What is your vision for the country, covering the political and development questions and all the challenges faced by your presidency?
Without development, there is no peace, and without peace, there is no development. If peace is there, development will come. The development should be people-centric. You can't remain isolated in the world. You have to win over all these people: neighbours, Asians, European Union or the US. As a non-aligned country, I believe in being closer to all the countries. But we must do this in our independent ways. Unfortunately in the past, our foreign policy was wrong. We antagonized neighbours. I will never do that. I know the consequences.
What about the future of Sarath Fonseka, who remains in custody?
I am not interested to know. There is a case. If he is freed also, I am not concerned. The matter is with the judiciary. I will not interfere with the case. After the victory, he wanted to raise another 200,000 soldiers. When I asked him why, he said he wanted small army camps everywhere. I said he couldn't do that as it was the job of the police to maintain law and order. And he said there was an external threat also. I wanted to know from where and he said, from India! I told him I will handle that. That was his mentality. He wanted to fight the whole world.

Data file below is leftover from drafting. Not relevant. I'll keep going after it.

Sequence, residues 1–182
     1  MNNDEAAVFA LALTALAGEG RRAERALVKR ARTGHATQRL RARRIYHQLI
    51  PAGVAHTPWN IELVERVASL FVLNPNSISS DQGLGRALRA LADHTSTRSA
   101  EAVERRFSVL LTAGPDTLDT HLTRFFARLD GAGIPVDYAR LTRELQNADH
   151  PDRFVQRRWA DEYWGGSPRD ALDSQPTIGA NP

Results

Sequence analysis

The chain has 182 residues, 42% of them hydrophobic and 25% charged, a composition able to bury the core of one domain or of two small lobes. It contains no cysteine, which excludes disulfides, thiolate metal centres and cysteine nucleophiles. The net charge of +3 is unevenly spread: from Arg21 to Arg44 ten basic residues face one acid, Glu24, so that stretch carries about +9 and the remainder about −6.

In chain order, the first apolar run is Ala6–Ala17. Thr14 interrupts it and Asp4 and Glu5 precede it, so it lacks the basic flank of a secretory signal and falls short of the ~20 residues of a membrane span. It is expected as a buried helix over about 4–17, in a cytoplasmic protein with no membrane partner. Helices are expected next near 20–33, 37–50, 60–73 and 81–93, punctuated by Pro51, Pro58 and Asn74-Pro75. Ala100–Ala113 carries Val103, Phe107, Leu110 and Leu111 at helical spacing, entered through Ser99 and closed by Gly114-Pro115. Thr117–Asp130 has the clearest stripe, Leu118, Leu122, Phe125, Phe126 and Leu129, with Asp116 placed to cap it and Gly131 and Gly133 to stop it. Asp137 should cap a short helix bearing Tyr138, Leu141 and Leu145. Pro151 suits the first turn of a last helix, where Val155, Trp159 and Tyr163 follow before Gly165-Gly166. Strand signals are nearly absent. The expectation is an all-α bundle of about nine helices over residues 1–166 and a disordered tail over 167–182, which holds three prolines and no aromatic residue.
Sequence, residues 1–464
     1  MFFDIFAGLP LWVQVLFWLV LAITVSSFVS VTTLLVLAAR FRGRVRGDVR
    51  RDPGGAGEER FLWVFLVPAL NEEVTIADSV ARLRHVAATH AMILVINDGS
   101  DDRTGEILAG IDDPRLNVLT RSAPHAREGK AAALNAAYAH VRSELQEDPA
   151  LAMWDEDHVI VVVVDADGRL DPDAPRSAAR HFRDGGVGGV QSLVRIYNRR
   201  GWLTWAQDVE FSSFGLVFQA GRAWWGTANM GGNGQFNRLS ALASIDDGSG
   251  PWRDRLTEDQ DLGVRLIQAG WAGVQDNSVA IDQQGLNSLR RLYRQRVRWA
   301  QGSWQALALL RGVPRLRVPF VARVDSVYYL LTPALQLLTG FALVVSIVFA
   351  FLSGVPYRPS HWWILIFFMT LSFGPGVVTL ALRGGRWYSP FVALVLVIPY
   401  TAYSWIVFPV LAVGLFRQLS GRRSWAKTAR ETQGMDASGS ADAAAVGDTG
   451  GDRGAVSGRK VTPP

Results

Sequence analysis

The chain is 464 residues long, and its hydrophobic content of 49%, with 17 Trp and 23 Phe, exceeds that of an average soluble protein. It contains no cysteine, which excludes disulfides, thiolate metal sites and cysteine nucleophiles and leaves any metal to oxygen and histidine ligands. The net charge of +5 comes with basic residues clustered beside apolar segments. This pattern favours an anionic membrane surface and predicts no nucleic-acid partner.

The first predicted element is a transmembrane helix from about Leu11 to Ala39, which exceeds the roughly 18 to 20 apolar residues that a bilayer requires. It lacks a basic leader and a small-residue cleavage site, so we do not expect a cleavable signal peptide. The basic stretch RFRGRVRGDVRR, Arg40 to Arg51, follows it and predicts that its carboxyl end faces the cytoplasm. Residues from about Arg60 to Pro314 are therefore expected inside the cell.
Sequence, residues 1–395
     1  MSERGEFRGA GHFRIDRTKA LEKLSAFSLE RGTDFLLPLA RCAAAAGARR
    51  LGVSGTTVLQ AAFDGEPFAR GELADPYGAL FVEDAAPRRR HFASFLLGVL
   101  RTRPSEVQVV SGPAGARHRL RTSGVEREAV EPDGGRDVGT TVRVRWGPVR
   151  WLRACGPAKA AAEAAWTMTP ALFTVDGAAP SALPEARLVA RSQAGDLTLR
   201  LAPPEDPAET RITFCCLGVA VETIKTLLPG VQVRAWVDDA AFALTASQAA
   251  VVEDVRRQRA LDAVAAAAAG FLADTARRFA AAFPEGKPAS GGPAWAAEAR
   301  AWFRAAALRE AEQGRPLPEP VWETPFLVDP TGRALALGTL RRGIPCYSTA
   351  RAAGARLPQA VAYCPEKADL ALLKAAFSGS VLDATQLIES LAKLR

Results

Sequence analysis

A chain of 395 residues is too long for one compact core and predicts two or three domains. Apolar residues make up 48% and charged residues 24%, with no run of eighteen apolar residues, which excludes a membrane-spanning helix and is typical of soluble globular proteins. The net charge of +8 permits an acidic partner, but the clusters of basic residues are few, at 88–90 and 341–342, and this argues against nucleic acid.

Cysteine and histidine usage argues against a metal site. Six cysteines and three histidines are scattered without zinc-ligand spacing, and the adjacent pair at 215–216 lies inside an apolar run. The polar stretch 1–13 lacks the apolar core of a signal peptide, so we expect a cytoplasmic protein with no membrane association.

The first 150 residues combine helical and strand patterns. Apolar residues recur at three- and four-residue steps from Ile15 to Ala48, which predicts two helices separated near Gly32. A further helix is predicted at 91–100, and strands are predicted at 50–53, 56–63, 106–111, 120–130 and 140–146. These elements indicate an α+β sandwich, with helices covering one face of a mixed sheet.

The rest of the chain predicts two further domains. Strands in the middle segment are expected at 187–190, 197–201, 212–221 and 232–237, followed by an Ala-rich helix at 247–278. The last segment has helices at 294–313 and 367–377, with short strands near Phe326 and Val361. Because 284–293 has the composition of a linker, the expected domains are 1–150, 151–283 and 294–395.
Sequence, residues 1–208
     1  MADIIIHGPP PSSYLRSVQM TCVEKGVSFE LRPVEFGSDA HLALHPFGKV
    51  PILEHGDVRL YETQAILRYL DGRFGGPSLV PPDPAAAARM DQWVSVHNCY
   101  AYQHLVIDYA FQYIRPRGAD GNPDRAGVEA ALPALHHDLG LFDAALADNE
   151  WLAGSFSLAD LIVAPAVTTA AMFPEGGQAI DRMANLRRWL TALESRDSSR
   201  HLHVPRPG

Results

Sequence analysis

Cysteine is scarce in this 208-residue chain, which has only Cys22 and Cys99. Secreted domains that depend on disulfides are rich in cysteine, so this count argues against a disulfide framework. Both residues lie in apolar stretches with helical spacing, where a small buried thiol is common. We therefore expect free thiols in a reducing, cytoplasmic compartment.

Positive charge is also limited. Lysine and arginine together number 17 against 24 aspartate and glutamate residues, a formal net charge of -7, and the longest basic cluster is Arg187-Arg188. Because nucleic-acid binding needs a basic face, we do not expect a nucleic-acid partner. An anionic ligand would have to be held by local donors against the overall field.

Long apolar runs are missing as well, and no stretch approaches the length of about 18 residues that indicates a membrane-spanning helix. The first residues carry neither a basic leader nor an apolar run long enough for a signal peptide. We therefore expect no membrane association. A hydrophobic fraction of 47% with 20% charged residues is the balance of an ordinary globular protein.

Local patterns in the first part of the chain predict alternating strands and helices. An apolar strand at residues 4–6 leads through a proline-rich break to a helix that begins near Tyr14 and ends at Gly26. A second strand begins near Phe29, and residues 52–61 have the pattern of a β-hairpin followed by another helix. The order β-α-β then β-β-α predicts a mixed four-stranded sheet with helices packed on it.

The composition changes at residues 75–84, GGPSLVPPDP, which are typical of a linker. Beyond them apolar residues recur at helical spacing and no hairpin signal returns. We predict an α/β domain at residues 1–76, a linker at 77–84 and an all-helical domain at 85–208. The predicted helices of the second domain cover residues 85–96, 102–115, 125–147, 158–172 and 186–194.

He has made statements that war crimes were committed.
When he is in Parliament, he goes there very early and stays there throughout the day until the staff tell him that they have to go home. He gets all the freedom there and speaks to people.
Will you get a third term? There are rumours that you are going to amend the Constitution to remove the two-term restriction for anyone to hold the president's office.
For that you have to wait and see. It is only after six years. I prefer to be in Parliament, but after six years I might also decide to retire. So, what I always say is, it is a democratic right of a person or citizen to contest. Let the people decide. By the Constitution, you can't restrict it. It is the people's right to elect their leaders. The losing candidate has no restriction, and can keep contesting, but the winner is not allowed to contest more than two times. - courtesy: The Times of India -